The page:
Office of the United States Trade Representative


U.S.-Australia Free Trade Agreement -- Questions and Answers About Pharmaceuticals

What guidance has Congress given about pharmaceutical trade issues?

For decades, Congress set trade negotiating objectives that called for increased foreign market access for U.S. innovative medicines through tariff cuts and strong protections for U.S. intellectual property. In the Trade Act of 2002, Congress provided additional guidance with negotiating objectives that call for increased transparency in the pharmaceutical regulatory process, consultative mechanisms, and addressing non-tariff market access issues such as reference pricing.

How has the U.S. been dealing with international pharmaceutical issues in trade agreements?

In earlier trade agreements, USTR worked to achieve congressional negotiating objectives with provisions that eliminated or reduced duties on U.S. pharmaceutical products, and with strong IPR provisions protecting patents for pharmaceuticals and other innovative U.S. products. Over the past few decades, market access and pricing issues also have been part of the U.S. trade dialogue with Canada, Japan, Korea and China.

What are the key provisions regarding pharmaceuticals in the U.S.-Australia FTA?

Based on new guidance from Congress in the Trade Act of 2002, the Australia FTA was the first FTA to include specific provisions dealing with non-tariff market access issues related to pharmaceuticals. The Australia FTA achieves these objectives through provisions for increased transparency and accountability and enhanced consultation in the operation of Australia’s Pharmaceutical Benefits Scheme (PBS). These provisions are based in large part on the Australian government’s own studies.

The PBS already has a process for determining which drugs it will cover under its national health care program and the amount it will reimburse for these drugs. In the agreement, Australia committed to the principle of appropriately recognizing the value of innovative pharmaceuticals. The U.S. and Australia also agreed to establish a Medicines Working Group to discuss emerging health policy issues.

Does the U.S.-Australia FTA block imports of patented pharmaceuticals?

The FTA imposes no new barriers to imports but reflects current U.S. law, which gives any patent holder the right to control sales (including by contract) of its product in the United States. This right, a core principle of U.S. patent law for more than 100 years, applies to all U.S. patents, not just pharmaceuticals. For example, toothbrushes, tape dispensers, semi-conductors, printer cartridges, cameras, tools, and a vast assortment of other products covered by U.S. patents have all benefited from these rights. The FTA does not expand or diminish the current rights of U.S. patent holders. It simply reflects long-standing U.S. law in this area.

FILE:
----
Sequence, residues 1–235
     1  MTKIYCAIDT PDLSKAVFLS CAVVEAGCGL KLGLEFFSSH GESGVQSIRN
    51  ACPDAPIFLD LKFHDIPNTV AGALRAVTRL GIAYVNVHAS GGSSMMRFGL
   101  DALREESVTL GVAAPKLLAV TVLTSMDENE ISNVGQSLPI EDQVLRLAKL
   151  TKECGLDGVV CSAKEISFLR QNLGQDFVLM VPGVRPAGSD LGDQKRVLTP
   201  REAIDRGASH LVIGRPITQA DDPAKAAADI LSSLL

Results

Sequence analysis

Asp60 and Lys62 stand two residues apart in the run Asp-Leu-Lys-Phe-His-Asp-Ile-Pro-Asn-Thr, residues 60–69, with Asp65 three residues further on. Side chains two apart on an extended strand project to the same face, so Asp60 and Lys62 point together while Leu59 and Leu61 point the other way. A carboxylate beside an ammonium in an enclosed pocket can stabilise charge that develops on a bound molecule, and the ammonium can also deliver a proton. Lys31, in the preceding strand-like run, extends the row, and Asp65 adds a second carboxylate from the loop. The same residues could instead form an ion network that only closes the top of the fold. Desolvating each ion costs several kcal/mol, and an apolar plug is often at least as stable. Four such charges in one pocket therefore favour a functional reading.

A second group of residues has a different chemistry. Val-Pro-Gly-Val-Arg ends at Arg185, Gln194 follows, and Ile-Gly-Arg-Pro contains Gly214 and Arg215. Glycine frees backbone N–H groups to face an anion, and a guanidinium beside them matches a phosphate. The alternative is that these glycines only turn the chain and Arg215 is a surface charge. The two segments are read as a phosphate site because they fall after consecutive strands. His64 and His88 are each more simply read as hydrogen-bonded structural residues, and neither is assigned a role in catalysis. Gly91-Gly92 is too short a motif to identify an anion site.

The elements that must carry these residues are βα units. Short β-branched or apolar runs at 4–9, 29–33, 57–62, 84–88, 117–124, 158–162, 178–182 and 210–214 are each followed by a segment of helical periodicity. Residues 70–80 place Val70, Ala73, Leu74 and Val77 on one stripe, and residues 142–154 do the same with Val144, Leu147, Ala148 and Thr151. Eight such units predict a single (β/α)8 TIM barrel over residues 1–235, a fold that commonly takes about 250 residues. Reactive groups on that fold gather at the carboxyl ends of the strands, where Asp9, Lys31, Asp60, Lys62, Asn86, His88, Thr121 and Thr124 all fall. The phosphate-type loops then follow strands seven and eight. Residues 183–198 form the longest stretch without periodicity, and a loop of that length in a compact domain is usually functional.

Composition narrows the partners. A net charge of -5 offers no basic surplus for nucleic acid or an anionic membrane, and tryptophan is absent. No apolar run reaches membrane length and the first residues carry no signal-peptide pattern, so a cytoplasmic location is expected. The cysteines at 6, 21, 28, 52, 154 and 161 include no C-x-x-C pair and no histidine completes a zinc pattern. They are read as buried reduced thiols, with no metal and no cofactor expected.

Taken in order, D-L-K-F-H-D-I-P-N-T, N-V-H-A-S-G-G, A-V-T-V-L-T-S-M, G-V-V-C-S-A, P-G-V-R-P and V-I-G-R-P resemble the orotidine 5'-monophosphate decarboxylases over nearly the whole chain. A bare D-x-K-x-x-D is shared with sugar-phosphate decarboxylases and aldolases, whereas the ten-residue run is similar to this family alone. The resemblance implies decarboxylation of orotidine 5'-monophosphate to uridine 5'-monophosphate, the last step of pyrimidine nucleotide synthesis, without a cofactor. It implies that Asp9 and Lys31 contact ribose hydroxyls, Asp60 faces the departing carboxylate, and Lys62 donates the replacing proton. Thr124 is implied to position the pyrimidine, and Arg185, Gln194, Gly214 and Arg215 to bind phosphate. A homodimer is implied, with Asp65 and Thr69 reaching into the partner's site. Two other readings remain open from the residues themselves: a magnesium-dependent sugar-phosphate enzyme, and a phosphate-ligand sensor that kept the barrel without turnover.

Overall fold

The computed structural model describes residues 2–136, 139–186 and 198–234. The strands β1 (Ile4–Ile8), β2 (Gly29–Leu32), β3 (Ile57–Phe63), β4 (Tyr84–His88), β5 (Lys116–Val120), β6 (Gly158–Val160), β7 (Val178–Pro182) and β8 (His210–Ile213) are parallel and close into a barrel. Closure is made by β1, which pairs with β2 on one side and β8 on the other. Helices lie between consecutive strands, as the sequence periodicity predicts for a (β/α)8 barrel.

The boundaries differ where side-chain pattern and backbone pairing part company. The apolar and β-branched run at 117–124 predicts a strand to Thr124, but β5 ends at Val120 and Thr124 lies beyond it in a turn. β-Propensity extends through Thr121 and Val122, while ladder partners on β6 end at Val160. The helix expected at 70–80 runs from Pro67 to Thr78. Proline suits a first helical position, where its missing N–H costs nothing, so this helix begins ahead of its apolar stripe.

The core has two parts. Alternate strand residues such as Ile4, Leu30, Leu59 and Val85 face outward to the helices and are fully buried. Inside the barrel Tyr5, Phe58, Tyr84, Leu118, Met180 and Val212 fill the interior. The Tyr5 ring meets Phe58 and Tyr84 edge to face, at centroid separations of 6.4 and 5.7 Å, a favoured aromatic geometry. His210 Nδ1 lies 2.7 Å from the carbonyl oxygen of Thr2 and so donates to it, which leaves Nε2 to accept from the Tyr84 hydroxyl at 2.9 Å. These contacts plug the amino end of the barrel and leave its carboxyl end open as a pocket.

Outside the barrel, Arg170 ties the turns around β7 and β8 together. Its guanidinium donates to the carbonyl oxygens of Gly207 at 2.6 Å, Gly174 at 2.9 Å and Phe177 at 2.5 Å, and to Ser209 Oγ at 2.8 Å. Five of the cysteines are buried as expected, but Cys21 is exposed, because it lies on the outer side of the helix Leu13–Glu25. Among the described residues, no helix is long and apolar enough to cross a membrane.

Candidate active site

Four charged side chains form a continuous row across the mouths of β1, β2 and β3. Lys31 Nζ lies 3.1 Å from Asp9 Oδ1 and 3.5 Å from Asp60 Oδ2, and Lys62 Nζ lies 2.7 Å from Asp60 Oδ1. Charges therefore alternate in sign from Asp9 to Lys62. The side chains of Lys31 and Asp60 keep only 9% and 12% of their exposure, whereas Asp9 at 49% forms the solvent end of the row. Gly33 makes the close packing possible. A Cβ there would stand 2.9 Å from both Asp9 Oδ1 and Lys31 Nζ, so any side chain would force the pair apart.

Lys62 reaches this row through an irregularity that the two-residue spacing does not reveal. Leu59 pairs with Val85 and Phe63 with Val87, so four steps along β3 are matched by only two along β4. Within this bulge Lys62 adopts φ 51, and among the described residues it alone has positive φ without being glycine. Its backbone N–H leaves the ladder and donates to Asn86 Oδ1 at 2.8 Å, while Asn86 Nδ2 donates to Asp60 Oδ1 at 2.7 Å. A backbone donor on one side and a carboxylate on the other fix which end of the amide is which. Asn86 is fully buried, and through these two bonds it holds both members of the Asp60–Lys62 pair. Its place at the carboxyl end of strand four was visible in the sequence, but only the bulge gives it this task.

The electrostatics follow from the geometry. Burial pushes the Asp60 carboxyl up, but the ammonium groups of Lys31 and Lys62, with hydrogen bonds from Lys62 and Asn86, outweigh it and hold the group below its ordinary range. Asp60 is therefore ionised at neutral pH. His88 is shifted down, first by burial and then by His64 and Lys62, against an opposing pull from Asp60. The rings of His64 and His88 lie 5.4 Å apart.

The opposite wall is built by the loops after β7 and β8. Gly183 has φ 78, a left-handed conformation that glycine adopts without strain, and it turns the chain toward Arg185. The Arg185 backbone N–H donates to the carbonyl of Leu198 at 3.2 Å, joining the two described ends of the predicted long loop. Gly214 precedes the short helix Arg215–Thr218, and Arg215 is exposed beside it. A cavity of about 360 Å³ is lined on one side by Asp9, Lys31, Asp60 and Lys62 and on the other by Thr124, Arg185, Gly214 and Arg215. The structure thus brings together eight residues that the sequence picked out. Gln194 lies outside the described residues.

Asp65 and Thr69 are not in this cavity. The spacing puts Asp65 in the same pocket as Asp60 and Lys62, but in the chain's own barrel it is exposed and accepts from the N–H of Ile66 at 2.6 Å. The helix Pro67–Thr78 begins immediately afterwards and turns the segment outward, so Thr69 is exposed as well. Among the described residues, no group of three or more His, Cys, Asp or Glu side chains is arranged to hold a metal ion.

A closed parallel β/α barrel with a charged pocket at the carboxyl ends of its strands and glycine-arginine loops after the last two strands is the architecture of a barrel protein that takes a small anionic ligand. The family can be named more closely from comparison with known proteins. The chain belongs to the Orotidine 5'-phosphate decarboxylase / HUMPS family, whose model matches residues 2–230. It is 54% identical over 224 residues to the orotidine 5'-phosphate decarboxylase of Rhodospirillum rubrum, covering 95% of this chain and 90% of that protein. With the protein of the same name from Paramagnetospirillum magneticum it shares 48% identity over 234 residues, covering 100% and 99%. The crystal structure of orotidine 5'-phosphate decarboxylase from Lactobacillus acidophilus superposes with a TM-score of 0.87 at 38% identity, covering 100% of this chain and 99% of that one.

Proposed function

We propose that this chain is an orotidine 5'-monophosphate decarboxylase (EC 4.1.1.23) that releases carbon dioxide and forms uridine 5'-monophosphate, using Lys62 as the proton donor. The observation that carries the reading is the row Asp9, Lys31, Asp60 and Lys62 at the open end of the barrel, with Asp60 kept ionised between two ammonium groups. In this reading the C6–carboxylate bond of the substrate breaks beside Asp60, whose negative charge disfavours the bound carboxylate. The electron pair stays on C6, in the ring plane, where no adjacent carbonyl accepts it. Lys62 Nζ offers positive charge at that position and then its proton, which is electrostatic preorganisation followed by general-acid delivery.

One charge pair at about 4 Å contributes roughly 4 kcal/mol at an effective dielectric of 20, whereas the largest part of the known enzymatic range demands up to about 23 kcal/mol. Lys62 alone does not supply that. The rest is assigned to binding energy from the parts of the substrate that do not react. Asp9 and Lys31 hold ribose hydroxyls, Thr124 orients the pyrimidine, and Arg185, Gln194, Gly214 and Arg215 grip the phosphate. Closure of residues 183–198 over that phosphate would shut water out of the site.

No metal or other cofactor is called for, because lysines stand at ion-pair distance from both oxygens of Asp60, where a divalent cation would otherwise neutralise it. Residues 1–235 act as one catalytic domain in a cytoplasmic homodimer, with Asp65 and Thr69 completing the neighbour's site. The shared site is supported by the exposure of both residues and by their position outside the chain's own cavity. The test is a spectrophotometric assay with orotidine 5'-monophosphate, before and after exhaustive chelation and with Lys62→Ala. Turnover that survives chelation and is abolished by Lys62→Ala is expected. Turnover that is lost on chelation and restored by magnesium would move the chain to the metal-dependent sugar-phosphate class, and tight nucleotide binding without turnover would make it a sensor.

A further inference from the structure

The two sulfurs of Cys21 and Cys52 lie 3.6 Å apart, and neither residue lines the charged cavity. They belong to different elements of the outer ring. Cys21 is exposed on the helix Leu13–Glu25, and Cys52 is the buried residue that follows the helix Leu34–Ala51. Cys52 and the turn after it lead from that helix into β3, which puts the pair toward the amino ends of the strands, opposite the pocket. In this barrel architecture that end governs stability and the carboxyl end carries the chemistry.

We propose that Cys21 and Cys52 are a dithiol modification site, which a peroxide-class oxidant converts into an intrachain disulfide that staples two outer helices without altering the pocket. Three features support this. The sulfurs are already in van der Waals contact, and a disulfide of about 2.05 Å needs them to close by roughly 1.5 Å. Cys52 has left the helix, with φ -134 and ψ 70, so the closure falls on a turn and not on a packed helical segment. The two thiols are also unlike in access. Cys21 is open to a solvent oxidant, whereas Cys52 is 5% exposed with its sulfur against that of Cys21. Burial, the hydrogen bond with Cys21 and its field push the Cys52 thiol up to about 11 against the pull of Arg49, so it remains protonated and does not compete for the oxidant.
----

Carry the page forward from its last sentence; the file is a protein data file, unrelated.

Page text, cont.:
Does the U.S.-Australia FTA prevent Congress from passing drug re-importation legislation?

No. The FTA reflects current law in the United States. Nothing in this FTA or any other trade agreement prevents Congress from changing U.S. law in the future. Even if a dispute settlement panel found the

U.S. acted inconsistently with the FTA, it could not require Congress to amend the law. Importantly, provisions in the FTA protecting patent holders’ rights only apply to products under patent. This provision would have no impact on importation of non-patented (generic) prescription drugs.

Does the U.S.-Australia FTA ban exports of pharmaceuticals from Australia?

No. Australian law, however, bans exports of pharmaceuticals if such drugs are purchased under Australia’s Pharmaceutical Benefits Scheme (PBS).

Will the U.S.-Australia FTA raise the price of medicines in Australia?

The Government of Australia retains the right and authority to set the prices of medicine under the PBS. The provisions of the pharmaceutical annex to the Agreement will help improve market access for pharmaceuticals in Australia by improving the transparency and accountability of Australia’s PBS system.

Are any existing or future U.S. health care programs subject to the pharmaceutical provisions of the U.S.-Australia FTA?

USTR has worked closely with all relevant U.S. agencies to ensure the FTA does not require any changes to U.S. health care programs. Procurement of pharmaceutical products by the Veterans Administration (VA) and the Department of Defense (DoD) is excluded from the Pharmaceutical Annex of the agreement, and U.S. agencies already comply with other provisions of the FTA dealing with government procurement, so no change to current practice will be required.

Procurement of pharmaceutical products by state Medicaid agencies is excluded because coverage and reimbursement decisions are made by state officials, not by federal health authorities.

The FTA’s transparency obligations may apply to certain pharmaceutical reimbursement decisions under Medicare Part B, and current Medicare practice is already consistent with the FTA. Medicare Part D, which will take effect in 2006, will not be covered since coverage and payment decisions are not directly made by Federal health authorities.

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